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Earlier this year I attended a World Health Care Congress session on employee health. The head of Comcast's human resources spoke. He offered a different perspective on addressing employees' health.
Comcast focuses less on specific programs to promote employee wellness (benefits, wellness centers) and more on the underlying triggers that cause bad health to manifest.
He cited something I hadn't heard of before. It was Eliza Corporation's Engagement Index. This tool examines life context issues while predicting how those issues impact health, spending and satisfaction--ultimately expanding the definition of health.
I was in theDistrict of Columbia in April, and at a meeting the idle chitchat turned to a lively conversation about Uber. Ever heard of it? I hadn't.
Uber, through the Uber App, seamlessly connects riders to drivers. At its basic level, it is a cross between taxi and car service. Founded in 2009, it is in 70 cities today. And taxi companies are not too happy.
See, Uber takes the yucky out of the taxi experience and then enhances that experience with the mobile app. I was in New York City for my birthday. Having downloaded the app, I said to my wife, "Let's try this." All I can say is, "Wow."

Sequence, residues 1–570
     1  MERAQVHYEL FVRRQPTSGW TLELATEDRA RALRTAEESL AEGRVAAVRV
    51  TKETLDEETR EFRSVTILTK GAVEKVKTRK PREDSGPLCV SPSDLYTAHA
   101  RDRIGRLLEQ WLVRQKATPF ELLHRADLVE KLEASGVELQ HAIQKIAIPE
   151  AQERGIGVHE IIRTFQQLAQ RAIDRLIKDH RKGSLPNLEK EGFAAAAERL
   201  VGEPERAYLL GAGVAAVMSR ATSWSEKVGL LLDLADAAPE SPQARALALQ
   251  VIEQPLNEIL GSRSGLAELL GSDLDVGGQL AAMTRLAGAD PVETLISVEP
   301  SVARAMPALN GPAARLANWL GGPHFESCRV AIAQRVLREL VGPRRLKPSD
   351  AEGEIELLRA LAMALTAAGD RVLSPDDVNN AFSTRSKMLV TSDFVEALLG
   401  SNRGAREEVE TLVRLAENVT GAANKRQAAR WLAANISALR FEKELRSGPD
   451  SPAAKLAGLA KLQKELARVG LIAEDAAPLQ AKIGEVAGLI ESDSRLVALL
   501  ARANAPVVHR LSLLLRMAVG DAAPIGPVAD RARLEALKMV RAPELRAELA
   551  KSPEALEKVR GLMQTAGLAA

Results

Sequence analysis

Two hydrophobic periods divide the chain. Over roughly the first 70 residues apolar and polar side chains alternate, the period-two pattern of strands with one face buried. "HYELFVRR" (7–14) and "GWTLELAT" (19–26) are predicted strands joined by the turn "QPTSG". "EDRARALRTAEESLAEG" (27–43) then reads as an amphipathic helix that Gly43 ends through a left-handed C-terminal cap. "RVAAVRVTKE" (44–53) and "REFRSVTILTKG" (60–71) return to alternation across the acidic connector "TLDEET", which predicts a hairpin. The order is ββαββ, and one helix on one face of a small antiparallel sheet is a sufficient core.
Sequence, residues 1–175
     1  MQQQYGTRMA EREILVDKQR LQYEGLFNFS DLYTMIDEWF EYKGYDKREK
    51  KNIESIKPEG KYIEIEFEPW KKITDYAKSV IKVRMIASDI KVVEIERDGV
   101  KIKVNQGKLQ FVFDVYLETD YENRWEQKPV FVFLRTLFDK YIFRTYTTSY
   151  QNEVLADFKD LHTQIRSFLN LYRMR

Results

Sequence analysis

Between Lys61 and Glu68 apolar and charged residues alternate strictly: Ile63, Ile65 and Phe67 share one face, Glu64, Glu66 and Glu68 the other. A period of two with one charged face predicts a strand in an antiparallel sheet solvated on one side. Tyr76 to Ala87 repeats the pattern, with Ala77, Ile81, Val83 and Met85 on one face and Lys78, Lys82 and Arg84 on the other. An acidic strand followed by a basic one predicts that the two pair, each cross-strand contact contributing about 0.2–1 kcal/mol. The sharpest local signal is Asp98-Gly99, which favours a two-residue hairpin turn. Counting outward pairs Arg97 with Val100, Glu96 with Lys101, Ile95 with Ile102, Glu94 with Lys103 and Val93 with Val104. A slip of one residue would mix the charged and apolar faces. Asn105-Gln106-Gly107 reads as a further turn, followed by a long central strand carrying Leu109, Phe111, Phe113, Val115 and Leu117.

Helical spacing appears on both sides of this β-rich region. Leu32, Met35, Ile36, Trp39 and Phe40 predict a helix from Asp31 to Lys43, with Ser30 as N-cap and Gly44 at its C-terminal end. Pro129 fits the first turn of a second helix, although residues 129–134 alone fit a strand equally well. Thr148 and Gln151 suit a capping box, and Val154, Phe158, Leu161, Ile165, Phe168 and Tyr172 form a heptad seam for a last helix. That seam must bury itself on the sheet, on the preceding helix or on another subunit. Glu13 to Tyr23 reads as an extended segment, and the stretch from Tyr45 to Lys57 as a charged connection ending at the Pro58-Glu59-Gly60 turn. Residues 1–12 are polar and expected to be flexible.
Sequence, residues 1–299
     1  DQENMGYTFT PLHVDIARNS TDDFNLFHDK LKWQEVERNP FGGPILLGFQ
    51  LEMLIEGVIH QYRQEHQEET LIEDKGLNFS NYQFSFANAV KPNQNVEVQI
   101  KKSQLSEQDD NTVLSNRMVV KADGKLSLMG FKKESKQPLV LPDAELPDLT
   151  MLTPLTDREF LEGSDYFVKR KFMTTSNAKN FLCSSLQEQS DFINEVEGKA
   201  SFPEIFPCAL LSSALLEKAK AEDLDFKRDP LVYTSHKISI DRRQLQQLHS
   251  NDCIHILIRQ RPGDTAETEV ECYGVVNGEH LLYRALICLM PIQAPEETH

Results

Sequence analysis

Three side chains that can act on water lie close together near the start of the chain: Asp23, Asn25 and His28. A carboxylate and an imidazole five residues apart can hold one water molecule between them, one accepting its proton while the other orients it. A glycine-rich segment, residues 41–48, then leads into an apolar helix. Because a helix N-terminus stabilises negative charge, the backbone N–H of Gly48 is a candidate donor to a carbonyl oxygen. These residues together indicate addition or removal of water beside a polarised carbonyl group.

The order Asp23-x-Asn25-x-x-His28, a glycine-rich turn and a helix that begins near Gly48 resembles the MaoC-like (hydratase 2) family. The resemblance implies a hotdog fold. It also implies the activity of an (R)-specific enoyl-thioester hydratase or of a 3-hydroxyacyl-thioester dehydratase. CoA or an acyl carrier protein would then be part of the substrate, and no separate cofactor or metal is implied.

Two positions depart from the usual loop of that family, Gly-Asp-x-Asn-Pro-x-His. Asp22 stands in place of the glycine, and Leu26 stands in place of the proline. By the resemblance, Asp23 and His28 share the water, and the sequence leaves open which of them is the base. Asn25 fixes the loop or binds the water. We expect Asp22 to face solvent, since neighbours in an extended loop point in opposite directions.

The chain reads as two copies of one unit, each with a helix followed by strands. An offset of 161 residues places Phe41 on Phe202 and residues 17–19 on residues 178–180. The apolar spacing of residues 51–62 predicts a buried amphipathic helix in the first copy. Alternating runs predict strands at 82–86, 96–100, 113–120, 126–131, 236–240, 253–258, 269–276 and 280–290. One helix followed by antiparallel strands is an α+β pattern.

"The real measures have to come from the heart not ROI."
That is the message that Cleveland Clinic President and CEO Toby Cosgrove, M.D., shared as he opened the Cleveland Clinic's 2014 Patient Experience Empathy and Innovation Summit on May 19. Despite all the metrics that have descended upon providers and the carrots and sticks that sometime spur interest in patient experience, it really comes down to measures from the heart or doing the right thing.
When I speak at various conferences and hospital leadership events, I dummy down my message about patient experience--simply, we over-complicate it. We need to step back, catch our breath and use common sense. Here are some nonhealthcare examples:
I attended a Health Affairs briefing for its April issue entitled "The Long Arm of Alzheimer's Disease." It was eye opening.
Many participants discussed a cure for the disease, but some presenters clearly understood that a cure could be a long time away--living with the disease is the bigger issue. When we look at people living with the disease, it's not just about patient care, but also their direct caregivers and other family members. It calls for new and perhaps unconventional partnerships.
For example, Laurie Ryan, the program director of Alzheimer's Disease Clinical Trials, National Institute of Aging, National Institutes of Health, discussed clinical trial recruitment and the need to find people who are "younger" and not manifesting the disease.
By now you have probably read about my saga.
Part of settling mom into her new residence was arranging for her first visit with a new primary care physician. Here is a little bit about how it went: The physician looked over her records before coming into the room. At 92, mom has a litany of ailments and medications, but using a walker has been her only compromise in recent years. When the physician entered, he quickly dispensed with the clinical aspects of her care.
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